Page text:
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Congratulations to this year's winter winner,  RINA SONG


Frosty Fables 2021 Prompts:

Shtories may be any genre, but must not exceed 1,000 words, and must include all of the following three prompts:






Read Rina's winning shtory—plus shtories by first runner-up Penelope Waples and second runner-up Alyssa Tyson—below!


By Rina Song

     Another lump of coal emerged in a puff of smoke, tumbling to the ground.

     “Not again!” cried Lord Zadismus. The Sorcerer of Nightmares stomped over to his spellbook, obsidian cloak billowing behind him. He pored over the list of ingredients. “Unicorn horn for purity, fairy dust for laughter, freshly plucked hair of princess for nobility. It’s all here! Why isn’t it working?”

     Princess Vanessa, blindfolded and restrained, sat calmly in the corner of the dark wizard’s lair. As far as evil sorcerers in the kingdom went, Zadismus had always been more of a nuisance than a threat. Nevertheless, she could only guess at the goal of his latest scheme, and his ritual attempts so far had left her with a large bald patch amidst her golden locks. For the past hour, she’d been chipping away at her bindings with a particularly sharp chunk of coal.

     Finally, the rope gave way, and Vanessa pulled off her blindfold. They were in a dimly lit cavern. Zadismus’ lair was a mess; mildew and white spots of lichen covered the walls. Bones, scrolls, and other rubbish littered the ground, though most of it had been cleared to make room for a ritual circle. The wizard was bent over his desk, ignoring her.

     She snuck towards the exit. Just as she crossed the threshold, the rocks wriggled to life. A golem emerged, grabbing her collar with a stony hand. Vanessa struggled fruitlessly as it dragged her back to a triumphant Zadismus.

     “Thought you could escape so easily, did you?” he said, wagging his finger in her face. “Your presence is still needed, I’m afraid.”

     “Give up, wizard,” Vanessa snapped. “Soon, my father’s knights will find me. Whatever ridiculous plot you’ve cooked up will never work.” She frowned, noticing an embroidered red sack laying inside the circle. “What is that?”

     Zadismus stepped between her and the sack. “Mind your own business.”

     “Is that Santa Claus’s gift bag? You know it only works for Santa himself, right?” Vanessa glanced at the wizard’s desk, which was strewn with chunks of horn, glitter, and hair. “Were you trying to summon presents for yourself? That’s so sad.”

     “Certainly not,” Zadismus growled.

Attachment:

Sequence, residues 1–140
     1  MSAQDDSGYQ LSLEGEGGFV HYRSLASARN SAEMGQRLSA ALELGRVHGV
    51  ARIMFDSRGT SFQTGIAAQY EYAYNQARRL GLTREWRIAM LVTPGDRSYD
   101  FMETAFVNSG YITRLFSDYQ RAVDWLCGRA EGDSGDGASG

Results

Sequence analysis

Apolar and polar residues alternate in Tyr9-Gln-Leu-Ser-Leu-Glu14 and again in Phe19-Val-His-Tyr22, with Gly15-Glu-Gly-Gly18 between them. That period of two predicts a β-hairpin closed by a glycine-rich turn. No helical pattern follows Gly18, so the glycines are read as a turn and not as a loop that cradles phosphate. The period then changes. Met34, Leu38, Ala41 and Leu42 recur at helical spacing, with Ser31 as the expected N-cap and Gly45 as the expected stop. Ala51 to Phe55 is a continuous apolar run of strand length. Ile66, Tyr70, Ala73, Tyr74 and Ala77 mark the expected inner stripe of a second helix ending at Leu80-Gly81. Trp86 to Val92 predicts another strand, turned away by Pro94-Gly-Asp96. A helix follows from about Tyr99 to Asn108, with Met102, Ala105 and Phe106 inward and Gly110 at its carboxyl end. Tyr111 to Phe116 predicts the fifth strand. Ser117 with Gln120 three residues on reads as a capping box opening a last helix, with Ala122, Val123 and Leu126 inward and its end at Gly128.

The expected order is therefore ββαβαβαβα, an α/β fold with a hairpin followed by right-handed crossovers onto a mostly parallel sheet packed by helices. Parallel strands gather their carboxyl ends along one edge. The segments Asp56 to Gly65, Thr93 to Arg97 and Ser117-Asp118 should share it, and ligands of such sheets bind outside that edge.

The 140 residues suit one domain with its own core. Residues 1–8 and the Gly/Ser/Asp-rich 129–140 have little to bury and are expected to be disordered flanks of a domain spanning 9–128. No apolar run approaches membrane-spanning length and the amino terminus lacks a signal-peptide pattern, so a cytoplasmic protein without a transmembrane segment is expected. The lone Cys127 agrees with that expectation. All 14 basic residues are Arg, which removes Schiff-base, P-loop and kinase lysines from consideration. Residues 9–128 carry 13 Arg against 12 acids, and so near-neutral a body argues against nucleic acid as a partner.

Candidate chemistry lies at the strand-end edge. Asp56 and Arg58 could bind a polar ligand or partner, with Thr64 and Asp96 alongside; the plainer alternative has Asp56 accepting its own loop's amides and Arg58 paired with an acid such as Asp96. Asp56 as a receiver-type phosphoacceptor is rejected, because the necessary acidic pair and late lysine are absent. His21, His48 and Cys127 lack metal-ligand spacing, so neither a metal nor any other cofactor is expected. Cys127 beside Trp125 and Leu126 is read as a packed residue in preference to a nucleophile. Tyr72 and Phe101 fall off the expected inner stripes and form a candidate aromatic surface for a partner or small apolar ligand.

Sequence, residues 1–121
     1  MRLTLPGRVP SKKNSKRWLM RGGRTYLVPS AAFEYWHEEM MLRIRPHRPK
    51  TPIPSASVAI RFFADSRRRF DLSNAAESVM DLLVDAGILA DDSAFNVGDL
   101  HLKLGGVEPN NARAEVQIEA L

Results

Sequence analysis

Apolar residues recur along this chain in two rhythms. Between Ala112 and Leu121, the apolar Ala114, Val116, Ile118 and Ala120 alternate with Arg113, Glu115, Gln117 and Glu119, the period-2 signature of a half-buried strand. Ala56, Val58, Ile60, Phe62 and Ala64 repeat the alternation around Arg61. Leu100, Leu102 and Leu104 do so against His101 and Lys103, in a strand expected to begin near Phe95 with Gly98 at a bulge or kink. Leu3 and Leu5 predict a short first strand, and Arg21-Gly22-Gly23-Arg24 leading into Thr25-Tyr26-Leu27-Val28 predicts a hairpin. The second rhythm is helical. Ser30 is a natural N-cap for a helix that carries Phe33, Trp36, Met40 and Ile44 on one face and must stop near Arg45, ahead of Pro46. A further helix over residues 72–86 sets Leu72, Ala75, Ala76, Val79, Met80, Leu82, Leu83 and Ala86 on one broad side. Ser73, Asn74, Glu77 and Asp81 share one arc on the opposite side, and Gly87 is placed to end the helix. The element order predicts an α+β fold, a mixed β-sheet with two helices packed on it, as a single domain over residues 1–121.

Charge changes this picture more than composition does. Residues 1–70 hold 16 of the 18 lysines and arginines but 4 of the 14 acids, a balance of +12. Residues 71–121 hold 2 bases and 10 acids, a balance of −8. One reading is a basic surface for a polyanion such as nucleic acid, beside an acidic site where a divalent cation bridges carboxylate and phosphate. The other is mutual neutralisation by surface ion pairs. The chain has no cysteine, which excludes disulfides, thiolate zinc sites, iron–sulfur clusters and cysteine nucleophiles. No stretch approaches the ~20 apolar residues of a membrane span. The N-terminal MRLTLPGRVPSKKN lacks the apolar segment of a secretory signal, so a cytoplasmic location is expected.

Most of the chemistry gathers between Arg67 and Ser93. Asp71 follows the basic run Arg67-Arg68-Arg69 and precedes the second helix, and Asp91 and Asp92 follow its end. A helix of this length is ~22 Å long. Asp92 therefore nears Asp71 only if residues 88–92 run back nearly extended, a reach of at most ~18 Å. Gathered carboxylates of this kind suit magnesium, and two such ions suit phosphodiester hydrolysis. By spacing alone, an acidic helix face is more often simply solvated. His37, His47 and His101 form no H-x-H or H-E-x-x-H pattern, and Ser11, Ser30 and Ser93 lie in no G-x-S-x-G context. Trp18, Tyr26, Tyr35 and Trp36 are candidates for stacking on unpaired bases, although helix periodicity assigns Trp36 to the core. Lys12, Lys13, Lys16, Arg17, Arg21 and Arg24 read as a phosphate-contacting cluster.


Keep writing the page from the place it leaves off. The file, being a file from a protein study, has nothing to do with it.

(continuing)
“Why? Can’t you just make anything you want with your magic?”

     “You could never hope to comprehend my arcane machinations!”

     “Yeah, alright.” Vanessa rolled her eyes. “I hope they involve cleaning your room. Seriously, there’s garbage everywhere. And what’s with all this lichen? You live here, you wouldn’t put up with a moldy house-” She cut off as she took a closer look, realizing that what she’d taken for lichen spots were stickers, picked at by tiny hands. In addition, there was a framed photograph on the desk, displaying a small brown-haired girl.

     Curiosity filled her, crowding out all thoughts of defiance. “I didn’t know you had a daughter, Zadismus.”

     The wizard glared at her for a moment. Then his shoulders slumped.

     “Rosalia loves Christmas,” he said, picking up the frame. “She always looks forward to decorating the tree and singing carols to my undead legions. I try to give her the best experience I can, but…” Zadismus gestured miserably at the lair. “Santa stopped coming here years ago. I think he got tired of dodging all my traps and minions just to give me coal.”

     The princess frowned. “So you stole his sack? Why don’t you conjure some presents yourself instead of coming up with such a convoluted plan?”

     “I tried! Last year, I gave her an enchanted cup that would fill with any drink she wished. The year before, a dragon’s egg. She always says she loves my gifts, but I can tell she’s not happy with them.”

     Zadismus sighed.

     “This year, I wanted things to be different. My New Year’s resolution was to give Rosalia the best Christmas possible. Santa’s sack is said to be able to produce the perfect gift for any child, but I haven’t been able to activate it properly.”

     Despite herself, Vanessa felt a twinge of pity. “Do you know why Rosalia might not like the presents you give her?”